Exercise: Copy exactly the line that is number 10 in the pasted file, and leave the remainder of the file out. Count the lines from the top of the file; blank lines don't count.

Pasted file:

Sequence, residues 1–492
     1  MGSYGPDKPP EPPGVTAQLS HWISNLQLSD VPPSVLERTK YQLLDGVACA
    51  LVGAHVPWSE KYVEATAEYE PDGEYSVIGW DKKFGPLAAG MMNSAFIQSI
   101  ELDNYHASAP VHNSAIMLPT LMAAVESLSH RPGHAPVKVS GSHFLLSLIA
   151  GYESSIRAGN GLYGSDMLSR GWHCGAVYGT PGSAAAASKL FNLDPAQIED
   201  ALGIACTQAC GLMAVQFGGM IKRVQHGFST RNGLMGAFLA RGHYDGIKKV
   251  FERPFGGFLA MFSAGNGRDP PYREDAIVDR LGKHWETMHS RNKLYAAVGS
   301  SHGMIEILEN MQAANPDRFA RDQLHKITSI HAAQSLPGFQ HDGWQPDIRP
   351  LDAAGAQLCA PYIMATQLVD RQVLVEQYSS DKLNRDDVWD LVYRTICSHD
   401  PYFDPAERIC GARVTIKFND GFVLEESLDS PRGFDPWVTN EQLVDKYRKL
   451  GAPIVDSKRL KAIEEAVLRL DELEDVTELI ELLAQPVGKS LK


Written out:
   401  PYFDPAERIC GARVTIKFND GFVLEESLDS PRGFDPWVTN EQLVDKYRKL